The U.S. Census Bureau recorded 52,887 “Laotians” in the United States in 1980—even by then, many of them Hmong, Mien, and other hill tribes. By 1990 that figure had reached 256,727. One more wave came, in 2004-6, and that was that. Twenty years later, Gerdner reports that the 2010 American Census found little change from 1990: “260,073 Hmong-Americans.” Twenty years ago, at least 50,000 refugees sat in Thailand’s camps, waiting for “chain immigration” to bring them to their relatives, now American citizens. Where are they? The last Laotian camp closed in 1997, Gerdner writes, and the Hmong, “illegal immigrants,” were moved to a kind of settlement.

So it is not a happy ending, so far. As Frank Viviano reported back in 1986, the Hmong had come to California expecting a chance to farm in the Central Valley. Instead they found “90 percent unemployment; a baffling disease that has seen scores of Hmong men die in their sleep; violent assaults by other minorities who regard refugees as rivals for shrinking public assistance funds; high rates of depression and suicide.” Since Viviano’s piece, the downward pull of American underclass culture has exerted itself on the American-born. When fathers fall from heroes to bewildered welfare cases, boys turn to role models in gangs and the streets.

I never met Pao Thao again, but I took a picture of her. By the strangest coincidence, a scale model of the Vietnam Wall was touring American college campuses at that time. It had been erected on the lawn behind the crafts fair, and I took some pictures of Pao Thao against it, holding her story cloth—her own Vietnam War memorial. As Gerdner describes, the story cloths are a “dying art,” which require skills lost in the American generations.

In the summer of 1995, taking pictures in China to illustrate the Asian Pacific American Heritage: a Companion to Literature and Arts (NY: Routledge, 1997), I went down to Wanfuxing Street in Beijing, to the People’s Republic’s stores that sell crafts, and particularly the work of the “minzu,” minorities. The PRC sells minzu works much as the State of Arizona might sell Indian works. I was looking for Hmong or Mien needlework. Not story cloths, of course: those are Asian American, and the Leaving Story most American of all.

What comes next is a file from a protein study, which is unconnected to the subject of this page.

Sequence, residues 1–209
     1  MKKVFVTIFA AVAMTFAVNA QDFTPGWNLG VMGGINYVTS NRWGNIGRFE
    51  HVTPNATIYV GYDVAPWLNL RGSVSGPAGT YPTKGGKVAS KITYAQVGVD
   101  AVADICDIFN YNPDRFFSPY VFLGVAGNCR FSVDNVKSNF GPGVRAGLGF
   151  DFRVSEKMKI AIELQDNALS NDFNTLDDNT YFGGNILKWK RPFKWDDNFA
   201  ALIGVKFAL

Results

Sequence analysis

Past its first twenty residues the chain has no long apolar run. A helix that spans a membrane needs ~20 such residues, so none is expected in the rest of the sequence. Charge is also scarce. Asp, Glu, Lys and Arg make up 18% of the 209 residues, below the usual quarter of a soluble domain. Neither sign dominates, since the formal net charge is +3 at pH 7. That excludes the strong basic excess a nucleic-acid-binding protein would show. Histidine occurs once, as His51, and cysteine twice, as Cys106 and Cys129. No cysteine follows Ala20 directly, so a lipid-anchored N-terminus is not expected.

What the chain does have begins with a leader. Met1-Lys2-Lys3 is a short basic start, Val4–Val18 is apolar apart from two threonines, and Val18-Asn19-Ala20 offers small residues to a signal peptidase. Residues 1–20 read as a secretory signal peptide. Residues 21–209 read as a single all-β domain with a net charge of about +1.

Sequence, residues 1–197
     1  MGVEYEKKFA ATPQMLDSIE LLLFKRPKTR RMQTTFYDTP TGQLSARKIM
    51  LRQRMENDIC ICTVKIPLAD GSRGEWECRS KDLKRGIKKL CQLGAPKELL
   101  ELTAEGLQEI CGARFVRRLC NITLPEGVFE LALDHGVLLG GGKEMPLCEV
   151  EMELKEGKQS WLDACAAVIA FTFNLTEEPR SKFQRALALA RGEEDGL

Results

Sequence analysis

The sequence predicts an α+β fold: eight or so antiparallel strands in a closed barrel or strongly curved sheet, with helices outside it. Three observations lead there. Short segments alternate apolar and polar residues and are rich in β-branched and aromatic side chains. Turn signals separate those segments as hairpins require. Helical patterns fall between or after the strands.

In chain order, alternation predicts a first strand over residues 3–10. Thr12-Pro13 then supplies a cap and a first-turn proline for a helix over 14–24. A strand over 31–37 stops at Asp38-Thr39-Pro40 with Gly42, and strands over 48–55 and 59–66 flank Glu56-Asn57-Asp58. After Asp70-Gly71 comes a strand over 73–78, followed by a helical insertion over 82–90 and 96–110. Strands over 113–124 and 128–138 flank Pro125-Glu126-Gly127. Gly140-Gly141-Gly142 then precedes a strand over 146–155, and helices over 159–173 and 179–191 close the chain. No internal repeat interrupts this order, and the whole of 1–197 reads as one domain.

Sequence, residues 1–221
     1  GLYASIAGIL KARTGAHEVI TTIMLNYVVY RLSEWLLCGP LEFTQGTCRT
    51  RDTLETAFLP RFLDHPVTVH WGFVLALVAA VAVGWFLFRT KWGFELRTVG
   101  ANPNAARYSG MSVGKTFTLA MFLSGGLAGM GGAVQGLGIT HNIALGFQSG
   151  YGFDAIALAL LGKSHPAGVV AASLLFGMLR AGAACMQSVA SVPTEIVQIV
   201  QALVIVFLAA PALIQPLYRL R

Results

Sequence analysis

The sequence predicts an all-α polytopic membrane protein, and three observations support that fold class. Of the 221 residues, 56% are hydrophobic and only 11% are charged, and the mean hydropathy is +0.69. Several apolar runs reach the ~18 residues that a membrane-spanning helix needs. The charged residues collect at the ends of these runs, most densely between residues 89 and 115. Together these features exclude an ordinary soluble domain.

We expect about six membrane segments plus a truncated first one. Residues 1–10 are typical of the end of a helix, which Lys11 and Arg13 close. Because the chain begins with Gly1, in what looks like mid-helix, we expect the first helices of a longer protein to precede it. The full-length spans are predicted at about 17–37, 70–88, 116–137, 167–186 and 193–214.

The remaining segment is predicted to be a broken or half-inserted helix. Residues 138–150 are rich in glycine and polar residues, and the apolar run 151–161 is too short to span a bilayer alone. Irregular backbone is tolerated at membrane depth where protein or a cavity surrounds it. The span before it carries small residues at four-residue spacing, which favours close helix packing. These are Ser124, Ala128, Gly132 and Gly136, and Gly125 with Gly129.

Disappointing. The hill tribes’ works are famous in China, but some bureaucrats had obviously pressured them to create pieces for tourists. I had never heard of the Hmong having any previous interest in stitching portraits of Chinese tourist attractions like the Great Wall.

My book, though, needed a photo of the Great Wall, and eventually I wound up out there. I chose the Mutianyu section, far out in the countryside. It is more authentic than the scenes you usually see, shot at the heavily reconstructed Badaling section. In the past few years even Mutianyu had acquired tourists, however, and on the path leading up from the parking lot there were booths set up, hawking souvenirs.

There, amidst the shlock and “junque”, I saw booths festooned with tapestries covered with small stitched shapes, staffed by women with faces unlike those of the Han Chinese majority. The tourists walked by them with their noses in the air, certain that anything offered for sale at a tourist attraction had to be bad. I spoke to one of the women, “Are you minz , a minority?” And she replied, in Chinese, “Sir, I am Mien.” Had her clan fled the ethnic cleansing of the 1970s and wandered back through China? There was possibly a settlement nearby, farming in the inhospitable mountains that the Wall sits on top of. I suppose the women went to the Wall to sell their needlework the way they went to the “Crafts Faire” in California.

I told the lady I knew the Mien, and I had seen them living in California. She asked about them. I told her they were alive and doing fine. The second part was not quite true, but some day it may be.

Further Reading

Lewis, Elaine, and Paul Lewis. Peoples of the Golden Triangle. London and New York: Thames and Hudson, 1984.Thc original specific work on the hill tribes and their original crafts, researched in Thailand from 1968 to 1983. Copiously illustrated.

MacDowell, Marsha. “Hmong Textiles and Cultural Conservation.” 1986 Smithsonian Festival of American Folklife Program Book.

MacDowell, Marshal. Michigan Hmong Art. C. Kurt Dewhurst and Marsha MacDowell, eds. Michigan State University, 1983.